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Gennifer Flowers Case Is Reinstated

Appeals court rules that ex-President Clinton's former paramour may pursue libel and conspiracy allegations.

November 13, 2002|Henry Weinstein | Times Staff Writer

A federal appeals court in San Francisco ruled Tuesday that Gennifer Flowers, former President Clinton's onetime paramour, may pursue a libel and conspiracy case against Clinton's wife, Sen. Hillary Rodham Clinton, and two former top presidential aides, James Carville and George Stephanopoulos.

The 3-0 decision by the U.S. 9th Circuit Court of Appeals overturns a ruling by U.S. District Judge Philip Pro of Las Vegas, who threw the case out two years ago, saying it had been filed too late and that some of the allegedly libelous statements were mere statements of opinion.

Tuesday's ruling brings back into the spotlight a tawdry controversy that the former president, his family and aides -- and perhaps the public -- would like to see disappear.

"The agony of the Clinton scandals for the country" will be extended because Flowers' attorneys will be able to take depositions, said New York University law professor Stephen Gillers.

Flowers, who now sings in a New Orleans bar, burst into the public spotlight during the 1992 presidential primaries when she told The Star, a tabloid specializing in celebrity scandals, that she had had a long-term affair with Clinton, then Arkansas governor.

Clinton and his wife denied the allegations on CBS' "60 Minutes." Flowers responded with a news conference in which she played recordings of intimate phone calls from Clinton that she had secretly taped.

Seven years later, while living in Nevada, Flowers sued. She contends that Hillary Clinton, now a Democratic senator from New York, and her two "henchmen," Carville and Stephanopoulos, conspired to protect Bill Clinton's presidential candidacy from Flowers' damaging statements.

Flowers claims that Carville, Clinton's campaign manager, and Stephanopoulos, a campaign aide and later a key White House advisor, defamed her and painted her in a false light by stating that she had lied to The Star about the affair and that she had "doctored" tapes of the phone calls. Flowers also asserted that Hillary Clinton was the mastermind of the alleged conspiracy and exposed private information about Flowers and organized break-ins at her residence.

The 9th Circuit affirmed Pro's dismissal of all of Flowers' claims based on Carville's 1994 memoir, "All's Fair: Love, War and Running for President," and the claim that Sen. Clinton allegedly disclosed private information and organized break-ins, saying all were barred by the statute of limitations.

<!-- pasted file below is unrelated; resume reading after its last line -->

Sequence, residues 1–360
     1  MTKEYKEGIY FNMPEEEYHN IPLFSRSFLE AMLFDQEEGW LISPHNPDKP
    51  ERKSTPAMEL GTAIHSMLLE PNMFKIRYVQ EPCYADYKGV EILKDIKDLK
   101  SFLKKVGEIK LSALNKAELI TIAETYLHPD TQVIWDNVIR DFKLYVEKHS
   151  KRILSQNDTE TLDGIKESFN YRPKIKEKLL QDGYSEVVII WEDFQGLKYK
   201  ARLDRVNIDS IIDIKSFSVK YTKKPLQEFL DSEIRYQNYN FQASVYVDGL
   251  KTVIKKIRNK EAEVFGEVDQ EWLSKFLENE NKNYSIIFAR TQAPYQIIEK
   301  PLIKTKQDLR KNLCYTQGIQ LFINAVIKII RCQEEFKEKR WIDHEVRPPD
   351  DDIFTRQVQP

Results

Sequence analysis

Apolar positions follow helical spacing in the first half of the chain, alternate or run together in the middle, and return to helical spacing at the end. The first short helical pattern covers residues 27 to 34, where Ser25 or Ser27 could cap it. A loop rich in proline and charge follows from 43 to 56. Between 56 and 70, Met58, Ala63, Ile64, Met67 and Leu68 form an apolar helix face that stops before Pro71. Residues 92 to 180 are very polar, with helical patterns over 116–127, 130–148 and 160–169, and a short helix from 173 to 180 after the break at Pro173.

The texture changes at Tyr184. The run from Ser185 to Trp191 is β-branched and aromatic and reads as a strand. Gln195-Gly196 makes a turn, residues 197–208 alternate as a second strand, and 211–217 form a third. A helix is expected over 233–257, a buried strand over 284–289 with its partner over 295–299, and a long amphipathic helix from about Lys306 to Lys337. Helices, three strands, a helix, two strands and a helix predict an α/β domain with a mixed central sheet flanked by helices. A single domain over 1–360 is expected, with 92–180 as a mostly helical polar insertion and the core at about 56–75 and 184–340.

The appeals court also threw out all the claims based on Stephanopoulos' 1999 book, "All Too Human: A Political Education," except a passage in which Stephanopoulos said Flowers had doctored the tapes.

But the appeals court reinstated the conspiracy claim and a claim Flowers lodged based on an interview Carville gave on "Larry King Live" in 1998. On that show, Carville said, "I think they found that tape was doctored and CNN [even] found ... like 19 or 20 different places."

In his book, Stephanopoulos said investigations by CNN and Los Angeles television station KCBS showed that the tape had been "selectively edited."

"Gennifer Flowers claims that defendants knew that she was telling the truth, knew the tapes weren't doctored, knew the news reports they claimed to rely on were wrong but accused her of being a liar and a fraud anyway," Judge Alex Kozinski wrote in Tuesday's decision.

"If Flowers' claims are true, her suit does not offend the 1st Amendment. She has produced no evidence yet to support them, but under our system of civil procedure she must be given at least some chance to seek it before her lawsuit is thrown out," added Kozinski, an appointee of President Reagan. Judges J. Clifford Wallace and Richard A. Paez, appointees, respectively, of presidents Nixon and Clinton, joined the opinion.

Kozinski emphasized that because Flowers is "a public figure," at least with respect to this controversy, she will have to show that Carville and Stephanopoulos acted with "actual malice" when they repeated statements made by other media about the tapes being edited or doctored. She would have to prove by "clear and convincing evidence" that the defendants knew the news reports were false or disregarded "obvious warning signs" that they were false.

"Flowers no doubt faces an uphill battle," Kozinski wrote.

Still, Flowers' lawyer, Larry Klayman of Judicial Watch, a self-described Washington watchdog group that has sued both the Clinton and Bush administrations, said he was elated by the ruling.

"Viva Las Vegas," Klayman declared, referring to the site of the lawsuit. "Hilary Clinton and the other defendants will be deposed."

But the senator's attorney, David A. Kendall, expressed pleasure that the court dismissed several claims and maintained that "the remaining part of the case is just as frivolous as it always was."

A spokeswoman for Little Brown & Co., which published Stephanopoulos' book, said the company was comforted by Kozinski's comments about the high hurdle Flowers must clear to get to trial.

"We are confident that ... Flowers will not be able to prove to a court of law that the statement by Mr. Stephanopoulos was libelous," the spokeswoman said.

Carville's lawyer, William A. McDaniel Jr., called the decision "a substantial victory," and predicted that his client will prevail on the claim remaining against him.

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